The Bliss Blog


I am an interfaith minister who was raised Jewish and was taught that God watches over us orchestrating outcomes and is a Source and Force to whom we pray, hoping for a particular outcome. I learned about Christianity from friends who grew up in that faith, read the New Testament in high school, questioned who the historical Jesus was and was introduced to the spiritual teacher he became. The Trinity made no sense to me in my youth as I wondered how God could be three in one. It was when I immersed myself in my studies in preparation for ordination, following the lengthy illness and ultimate death of my husband, that I had a greater sense of the scope of my own spiritual path, which included the understanding of the multitudinous ways the Divine can be viewed.

I was eager to watch the newly released movie The Shack that was based on the book by the same name, written by William Paul Young. I knew the storyline and was prepared for witnessing the anguish of a family whose beloved child was murdered. As a therapist who has worked with those who have experienced trauma and loss, I know the turmoil, guilt, blame, anger and second-guessing that goes on. I also am abundantly aware that parents desperately attempt to understand how a God of love could allow that to occur. They carry an immense amount of pain that I can only imagine. Relinquishing it, even if they wanted to, may seem like asking too much.

The main character Mack, played with genuine emotion by Sam Worthington whose Avatar role brought him to my attention, is a man whose relationship with God is fractured as a result of his own childhood abuse and an action he feels compelled to take to protect his mother and himself from the alcohol-fueled rage of his father. A foreshadowing of the appearance of God occurs in his childhood, but he has repressed that interaction.  He has buried the pain in his heart even as he marries and has three children of his own who he adores. One thing I was pleased to see was that he broke the abuse cycle, as evidenced by his interactions with his family.

Although he spends time in church, it is his wife played by Radha Mitchell, who is the spiritual anchor for him. He is kind of along for the ride. God seems to ring hollow to Mack. He befriends a fellow church-goer played by Tim McGraw who is the narrator for the movie.  Octavia Spencer and Graham Green are the feminine and masculine incarnations of God, (called by the familiar name Papa), Jesus is portrayed by Israeli actor Avraham Aviv Alush and looks like I imagine the historical Jesus would have appeared, with dark curly hair and beard, speaking with a middle Eastern accent. The Holy Spirit — called “Sarayu” in the film — is portrayed by Asian actress Sumire Matsubara. Each of these embodiments of the Divine was represented in forms which I can see the God of my understanding appearing and sounding.  Although the imagery was Christian, the message felt universal. The takeaway was about love and forgiveness, about relinquishing anger and bitterness and refraining from judgment.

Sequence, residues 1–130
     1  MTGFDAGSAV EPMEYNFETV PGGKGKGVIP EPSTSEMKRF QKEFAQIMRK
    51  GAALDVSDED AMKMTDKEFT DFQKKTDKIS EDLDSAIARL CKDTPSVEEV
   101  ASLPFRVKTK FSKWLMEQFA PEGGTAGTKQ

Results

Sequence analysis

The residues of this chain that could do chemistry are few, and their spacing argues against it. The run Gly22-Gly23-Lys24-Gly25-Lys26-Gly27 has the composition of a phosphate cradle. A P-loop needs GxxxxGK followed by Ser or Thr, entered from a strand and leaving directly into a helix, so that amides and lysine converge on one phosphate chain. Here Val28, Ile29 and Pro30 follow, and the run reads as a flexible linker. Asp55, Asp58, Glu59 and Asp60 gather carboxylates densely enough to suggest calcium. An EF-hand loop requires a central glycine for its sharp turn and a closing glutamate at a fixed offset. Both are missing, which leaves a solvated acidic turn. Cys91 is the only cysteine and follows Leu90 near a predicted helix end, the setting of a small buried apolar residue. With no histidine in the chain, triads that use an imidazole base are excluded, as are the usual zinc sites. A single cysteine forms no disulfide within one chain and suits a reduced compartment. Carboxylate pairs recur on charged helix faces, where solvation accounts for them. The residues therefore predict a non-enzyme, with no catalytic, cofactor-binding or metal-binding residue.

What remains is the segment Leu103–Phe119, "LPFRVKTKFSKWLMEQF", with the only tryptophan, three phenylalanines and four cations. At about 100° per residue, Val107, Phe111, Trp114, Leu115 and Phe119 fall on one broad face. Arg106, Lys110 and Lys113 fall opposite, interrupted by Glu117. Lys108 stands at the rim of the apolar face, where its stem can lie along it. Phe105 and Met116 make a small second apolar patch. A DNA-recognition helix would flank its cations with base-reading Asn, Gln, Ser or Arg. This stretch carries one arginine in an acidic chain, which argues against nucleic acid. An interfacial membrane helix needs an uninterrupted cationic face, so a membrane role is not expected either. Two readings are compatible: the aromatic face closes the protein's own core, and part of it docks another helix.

I particularly appreciated the line about Jesus not wanting slaves, but rather friends and family. This is a God without the hellfire and brimstone that so many espouse and instead, a Creator and Sustainer of compassion and reconciliation. Little wonder why many fundamentalists have difficulty with the expression of spirituality in this movie. These manifestations of the divine are about love and not fear. Some protest that it is not scripturally accurate. It wasn’t meant to be. It is a work of fiction and expressed the faith of the author and the arduous Hero’s Journey that the main character takes. It invites us to see Spirit in all forms. If we were made in the ‘image and likeness of God,’ why wouldn’t the Divine take the form of an African American woman, Native American man, Middle Eastern man and Asian woman? How limiting is to believe that such portrayals are blasphemy?

Mack and his middle child struggle with their respective guilt for the disappearance and brutal murder of Missy and at the end of the film, his admission that he was so mired in his own suffering that he wasn’t able to acknowledge hers, transforms their estrangement into closeness once again.

What touched me deeply (without giving too much away) was the idea that we imprison ourselves with our judgments and swamp our own symbolic rowboats with our fears and an inability to relinquish the past. I consider how I judge those whose behaviors harm others. In the eyes of God, according to the film/book, they are no less worthy of love. I may justify my anger and desire for retribution, but it keeps me from fully embracing life.

Some of my favorite quotes:

Papa: “Just because I work incredible good out of unspeakable tragedies doesn’t mean I orchestrate the tragedies. Don’t ever assume that my using something means I caused it or that I need it to accomplish my purposes. That will only lead you to false notions about me. Grace doesn’t depend on suffering to exist, but where there is suffering you will find grace in many facets and colors.”

Jesus: “Remember, the people who know me are the ones who are free to live and love without any agenda.”

Mack: Is that what it means to be a Christian?”

Jesus: Who said anything about being a Christian? I’m not a Christian.”

Mack: “No, I suppose you aren’t.”

When we can accept that God is “especially fond of us,” no matter how many times we, in our human frailty, stumble and fall, it is then that we are healed.




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